Olympics Rings London 2012I don’t know about you, but I’m hooked on the Olympics at the minute. I’m normally not that obsessed with sport, but with this I’m watching everything I can.

Can’t get enough of it.

The highs, the lows, the controversies, the drama, and everything in between – I’m hooked!

And one thing struck me as I was watching the athletics and track events the other day, which I think illustrates a lesson in marketing.

Let me explain.

Growing up I was into music rather than sport. So I started my Olympic-viewing journey with a very basic knowledge about some of the sports, and I can’t claim to have known very many of the athletes (of course I knew the big names like Usain Bolt, Michael Phelps, etc)

For the first few events I watched these athletes put their life and soul into trying to win a medal.

I watched as a local girl, Aileen Morrison, had her hopes of a triathlon medal scuppered by a bike crash. She was injured, but finished the race anyway despite that. When interviewed afterwards, she fought back tears to say that she had spent 4 years getting ready for this, and she wasn’t going to lie down at the first hurdle – pretty inspiring stuff!

Mo Farah

Mo Farah at the London 2012 Olympics

But it was when I watched a short documentary about UK distance runner Mo Farah that I realised something. The documentary explained how, at 28 years old, Farah was probably competing in his last Olympics. Born in Somalia, he had moved to England aged 8, and had been beaten up on his first day at school, after which he jumped off a bridge.

After huge encouragement from his PE Teacher, he pursued long-distance running, in which he had had many successes, but an Olympic medal had always eluded him.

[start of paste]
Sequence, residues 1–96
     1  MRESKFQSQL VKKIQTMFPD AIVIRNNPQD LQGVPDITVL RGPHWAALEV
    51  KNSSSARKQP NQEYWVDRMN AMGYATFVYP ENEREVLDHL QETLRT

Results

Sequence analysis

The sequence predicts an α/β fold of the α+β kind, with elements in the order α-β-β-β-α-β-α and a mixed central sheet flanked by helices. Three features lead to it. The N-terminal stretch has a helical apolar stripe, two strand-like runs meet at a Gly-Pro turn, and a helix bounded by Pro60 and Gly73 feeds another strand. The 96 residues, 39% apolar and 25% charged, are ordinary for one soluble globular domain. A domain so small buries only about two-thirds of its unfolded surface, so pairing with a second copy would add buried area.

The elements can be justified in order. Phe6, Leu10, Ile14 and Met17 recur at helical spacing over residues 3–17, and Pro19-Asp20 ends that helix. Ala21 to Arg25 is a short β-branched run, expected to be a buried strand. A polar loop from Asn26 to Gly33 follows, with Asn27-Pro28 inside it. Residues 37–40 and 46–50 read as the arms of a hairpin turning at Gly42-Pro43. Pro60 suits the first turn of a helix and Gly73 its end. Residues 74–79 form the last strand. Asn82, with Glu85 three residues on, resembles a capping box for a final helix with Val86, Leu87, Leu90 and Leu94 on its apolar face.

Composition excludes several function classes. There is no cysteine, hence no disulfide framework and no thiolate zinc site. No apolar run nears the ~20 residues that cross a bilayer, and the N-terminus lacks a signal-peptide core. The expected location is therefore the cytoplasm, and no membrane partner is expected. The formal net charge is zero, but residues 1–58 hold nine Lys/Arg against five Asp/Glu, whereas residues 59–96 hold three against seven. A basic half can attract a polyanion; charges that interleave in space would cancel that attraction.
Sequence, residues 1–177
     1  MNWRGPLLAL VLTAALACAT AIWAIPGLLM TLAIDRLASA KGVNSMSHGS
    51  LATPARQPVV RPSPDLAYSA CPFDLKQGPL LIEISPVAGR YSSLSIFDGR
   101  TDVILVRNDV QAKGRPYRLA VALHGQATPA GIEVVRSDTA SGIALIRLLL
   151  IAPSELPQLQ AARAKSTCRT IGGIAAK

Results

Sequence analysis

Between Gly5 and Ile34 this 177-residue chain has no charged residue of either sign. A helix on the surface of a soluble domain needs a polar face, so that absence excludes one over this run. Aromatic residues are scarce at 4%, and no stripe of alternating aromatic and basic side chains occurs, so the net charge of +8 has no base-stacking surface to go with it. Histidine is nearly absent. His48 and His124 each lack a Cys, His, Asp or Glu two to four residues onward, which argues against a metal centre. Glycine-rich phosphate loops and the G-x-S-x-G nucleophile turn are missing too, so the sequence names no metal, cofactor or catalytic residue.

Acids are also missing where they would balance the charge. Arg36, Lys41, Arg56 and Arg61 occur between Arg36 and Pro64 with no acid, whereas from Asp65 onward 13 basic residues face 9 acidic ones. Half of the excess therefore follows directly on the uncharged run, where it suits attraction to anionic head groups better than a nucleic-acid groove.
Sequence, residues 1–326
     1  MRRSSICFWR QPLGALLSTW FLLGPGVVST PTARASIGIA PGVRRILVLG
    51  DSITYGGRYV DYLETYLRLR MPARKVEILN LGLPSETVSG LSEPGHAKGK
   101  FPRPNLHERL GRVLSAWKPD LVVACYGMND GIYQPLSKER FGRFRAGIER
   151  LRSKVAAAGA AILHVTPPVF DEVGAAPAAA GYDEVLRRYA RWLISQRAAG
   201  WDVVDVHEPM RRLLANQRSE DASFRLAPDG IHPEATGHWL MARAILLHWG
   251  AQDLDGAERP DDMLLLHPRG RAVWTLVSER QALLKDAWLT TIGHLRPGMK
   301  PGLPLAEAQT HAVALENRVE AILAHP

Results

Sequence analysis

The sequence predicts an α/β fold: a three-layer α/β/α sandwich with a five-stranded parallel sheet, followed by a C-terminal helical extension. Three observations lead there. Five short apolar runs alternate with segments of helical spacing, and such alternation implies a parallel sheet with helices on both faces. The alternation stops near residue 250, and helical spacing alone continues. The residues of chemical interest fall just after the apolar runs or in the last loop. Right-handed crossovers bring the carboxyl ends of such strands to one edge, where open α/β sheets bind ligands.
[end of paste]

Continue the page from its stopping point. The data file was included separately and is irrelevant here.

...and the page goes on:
He was considered by many to be “talented but flawed”

It then explained how last year, he relocated his family from the UK to Oregon, USA, to immerse himself in running culture and work with coaching guru Alberto Salazar (a man who incidentally had once died for 14 minutes!)

And here he was today, competing in the 2012 Olympics. After all that commitment to being the best.

Now, there were probably other athletes who had equally inspiring stories, but I hadn’t heard them.

So after learning all that about how Mo Farah came to be here today, I felt a bit more connected, and I really wanted him to win

So what? I hear you say.

Well. let’s translate that to marketing your business. You see, people love stories. Especially if there’s some triumph, struggle and perserverance in there (which, if you’ve been in business for any length of time, you’ll have plenty of).

And if you can use that in your marketing you can gain an edge over your competitors.

You have a story, so tell it:

  • How did you come to start your business?
  • Where did the idea come from?
  • Who told you were mad?
  • How did it do in the early days?
  • What struggles have you had?
  • What successes have you had?

Basically how you came to be here today.

Telling your Business Story image

Tell your Business Story

When people know more about you, they are more likely to relate to you, and support your business

It doesn’t have to be long and it doesn’t have to be chapter and verse. But if I know more about you, then (as long as I’m in the market to buy from you), I’m more likely to do so over another generic company I know nothing about.

So go and write your story – put it on your website About Me page, on your brochures, and put it up in your Reception area (if you have one).

Your prospects will read it (as will your customers), and will feel a little bit more connected to you.

It’s an easy way of standing out in your marketplace through all the noise and differentiating yourself from your competition

It’s just about stacking the odds in your favour.

Now I’m off to shout for Mo Farah to win the 5,000m gold!

By Aidan Breslin – Google+

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Filed under: Customer AttractionLondon 2012MarketingMo FarahSmall / Medium BusinessStorytellingUsain Bolt

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